A ROMAN dame, illustrious for her beauty and the nobleness of her birth, and more for her virtue. She was married to one Collatinus, a relative of Tarquin, king of Rome. Her tragic story runs thus: Tarquin, not having been able to render himself master of the town of Ardea so promptly as he had calculated, besieged it in form, and the languidness of the operation comported very well with the inclination of the princes to amuse themselves in the way princes are in the habit of doing. At one of the suppers given by Sextus to his two brothers, and to Collatinus their kinsman, a question was raised, not as to the beauty of their mistresses, as is the custom in our day, but as to that of their respective wives. Each maintained that his wife was fairer than those of his companions; and the dispute rising high, Collatinus suggested a means of terminating it. "What is the use of so many words," said he, "we can in a very short time have the proof of the superiority of my Lucretia. Let us mount our horses; let us surprise our wives; and the decision of our question will be the more easy that they are not prepared for us." Inflamed by wine, the princes accepted the proposal, and they rode to Rome at the top of their horses' speed. They there found sitting at table the fair daughters of Tarquin, who were engaged in pleasure with companions of their own age. They next went to Collatium; and though it was now late at night, they found Lucretia in the midst of her servants, engaged in needlework. They all agreed that she carried off the palm, and thereupon returned to the camp; but Sextus, without uttering a word of his purpose, found his way secretly back to Collatium, and was received by Lucretia with that attention and civility that was due to the eldest son of the king, and without the slightest suspicion that he entertained any purpose other than what was honest and good.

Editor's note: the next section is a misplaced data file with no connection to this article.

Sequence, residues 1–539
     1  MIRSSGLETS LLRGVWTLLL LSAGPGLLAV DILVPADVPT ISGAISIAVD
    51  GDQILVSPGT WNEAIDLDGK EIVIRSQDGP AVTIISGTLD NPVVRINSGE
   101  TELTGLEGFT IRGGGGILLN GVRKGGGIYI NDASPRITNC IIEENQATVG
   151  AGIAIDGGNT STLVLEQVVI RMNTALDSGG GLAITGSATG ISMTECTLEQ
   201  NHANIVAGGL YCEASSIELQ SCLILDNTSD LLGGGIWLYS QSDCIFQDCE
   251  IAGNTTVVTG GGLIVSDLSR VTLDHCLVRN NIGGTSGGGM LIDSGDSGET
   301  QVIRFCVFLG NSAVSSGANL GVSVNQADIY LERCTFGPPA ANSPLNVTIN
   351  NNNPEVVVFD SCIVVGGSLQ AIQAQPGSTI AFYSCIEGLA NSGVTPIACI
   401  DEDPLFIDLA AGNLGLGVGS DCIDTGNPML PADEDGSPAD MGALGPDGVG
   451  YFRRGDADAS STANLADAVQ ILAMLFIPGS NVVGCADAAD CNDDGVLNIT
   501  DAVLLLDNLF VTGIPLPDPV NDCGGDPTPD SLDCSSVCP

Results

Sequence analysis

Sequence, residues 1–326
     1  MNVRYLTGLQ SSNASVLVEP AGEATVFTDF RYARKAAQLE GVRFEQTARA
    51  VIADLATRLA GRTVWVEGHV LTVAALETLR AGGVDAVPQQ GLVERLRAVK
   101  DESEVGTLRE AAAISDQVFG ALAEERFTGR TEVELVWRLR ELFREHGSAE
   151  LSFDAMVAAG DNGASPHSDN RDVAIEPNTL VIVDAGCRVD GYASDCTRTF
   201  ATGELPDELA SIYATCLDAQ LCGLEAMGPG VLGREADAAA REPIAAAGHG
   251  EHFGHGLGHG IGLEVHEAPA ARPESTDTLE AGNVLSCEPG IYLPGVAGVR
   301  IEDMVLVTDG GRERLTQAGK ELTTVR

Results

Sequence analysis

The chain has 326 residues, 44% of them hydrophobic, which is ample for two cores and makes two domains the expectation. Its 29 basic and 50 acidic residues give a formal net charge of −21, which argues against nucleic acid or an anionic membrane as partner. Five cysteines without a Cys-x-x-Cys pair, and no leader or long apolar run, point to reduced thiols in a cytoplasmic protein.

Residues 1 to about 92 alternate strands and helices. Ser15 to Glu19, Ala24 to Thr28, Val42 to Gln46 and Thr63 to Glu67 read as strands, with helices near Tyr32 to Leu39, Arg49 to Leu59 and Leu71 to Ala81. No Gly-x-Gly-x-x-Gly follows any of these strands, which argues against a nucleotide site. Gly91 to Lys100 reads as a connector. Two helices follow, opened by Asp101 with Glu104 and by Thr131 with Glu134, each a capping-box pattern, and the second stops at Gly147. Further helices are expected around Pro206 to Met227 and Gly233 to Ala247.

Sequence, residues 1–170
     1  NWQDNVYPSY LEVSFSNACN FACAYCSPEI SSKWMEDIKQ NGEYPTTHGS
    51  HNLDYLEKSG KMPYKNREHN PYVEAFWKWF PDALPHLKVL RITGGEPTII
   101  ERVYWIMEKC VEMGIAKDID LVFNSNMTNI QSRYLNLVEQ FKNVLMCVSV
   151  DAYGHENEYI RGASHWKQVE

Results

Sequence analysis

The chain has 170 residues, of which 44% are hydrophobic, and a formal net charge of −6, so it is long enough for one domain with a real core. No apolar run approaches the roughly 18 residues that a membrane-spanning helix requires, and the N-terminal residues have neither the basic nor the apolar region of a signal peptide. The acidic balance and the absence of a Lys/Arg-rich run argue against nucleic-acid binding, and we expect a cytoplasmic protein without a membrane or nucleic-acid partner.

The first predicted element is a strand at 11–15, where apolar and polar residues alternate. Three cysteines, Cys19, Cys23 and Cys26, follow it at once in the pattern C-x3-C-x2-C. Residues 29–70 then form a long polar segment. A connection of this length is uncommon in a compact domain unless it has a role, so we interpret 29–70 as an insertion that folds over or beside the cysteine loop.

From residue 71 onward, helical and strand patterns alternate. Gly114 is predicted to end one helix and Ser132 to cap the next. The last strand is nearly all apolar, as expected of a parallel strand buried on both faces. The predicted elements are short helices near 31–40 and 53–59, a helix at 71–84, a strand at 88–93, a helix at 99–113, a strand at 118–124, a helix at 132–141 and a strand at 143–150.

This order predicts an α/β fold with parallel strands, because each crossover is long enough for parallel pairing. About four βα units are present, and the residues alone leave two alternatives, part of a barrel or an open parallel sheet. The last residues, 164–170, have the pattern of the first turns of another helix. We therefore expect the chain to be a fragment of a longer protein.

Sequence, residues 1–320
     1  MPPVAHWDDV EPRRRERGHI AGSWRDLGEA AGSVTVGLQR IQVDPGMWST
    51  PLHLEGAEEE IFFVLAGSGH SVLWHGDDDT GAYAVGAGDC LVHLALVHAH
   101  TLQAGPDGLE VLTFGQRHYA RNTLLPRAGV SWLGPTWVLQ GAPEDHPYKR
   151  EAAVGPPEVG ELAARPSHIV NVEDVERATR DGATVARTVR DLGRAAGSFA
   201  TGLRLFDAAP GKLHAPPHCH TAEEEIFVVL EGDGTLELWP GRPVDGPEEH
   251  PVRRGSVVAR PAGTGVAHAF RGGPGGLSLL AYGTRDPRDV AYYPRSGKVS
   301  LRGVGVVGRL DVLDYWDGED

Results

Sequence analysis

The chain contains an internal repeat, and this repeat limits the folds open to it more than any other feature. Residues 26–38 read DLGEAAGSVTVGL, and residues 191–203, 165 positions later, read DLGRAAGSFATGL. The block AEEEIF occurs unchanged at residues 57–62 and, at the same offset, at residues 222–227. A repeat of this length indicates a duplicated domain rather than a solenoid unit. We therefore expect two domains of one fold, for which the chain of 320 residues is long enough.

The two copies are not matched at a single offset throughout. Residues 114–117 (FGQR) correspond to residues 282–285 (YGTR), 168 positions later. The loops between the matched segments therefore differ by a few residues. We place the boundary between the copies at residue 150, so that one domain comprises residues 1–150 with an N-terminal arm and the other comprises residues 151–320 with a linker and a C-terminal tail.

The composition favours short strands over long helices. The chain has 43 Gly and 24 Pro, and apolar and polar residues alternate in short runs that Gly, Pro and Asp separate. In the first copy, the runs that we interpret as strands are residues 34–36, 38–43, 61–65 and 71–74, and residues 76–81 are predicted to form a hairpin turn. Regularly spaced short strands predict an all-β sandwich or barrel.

After he had supped, he was conducted to the chamber intended for him—not to sleep, for he had other intentions. As soon as he thought that all had repaired to their beds, he stept, sword in hand, into the private chamber of the unsuspecting Lucretia, and after having threatened to kill her if she made any noise, he told her his passion—bringing to serve his purpose prayers the most tender, and menaces the most terrible; in short, employing all the arts by which an impassioned man might attack the heart of a woman. All was in vain: Lucretia was firm, and persisted in her firmness, altogether undismayed by the fear of death; but she trembled at the threat which he made to expose her to the last infamy of woman. He declared that, after despatching her, he would kill a slave, put his dead body on her bed, and make it be believed that the double murder had been the punishment of the adultery in which they had been surprised. Having accomplished his purpose, he retired, as pleased with himself and as proud of his triumph as if it had been a feat of honest war, and all conformable to the rules of gallantry.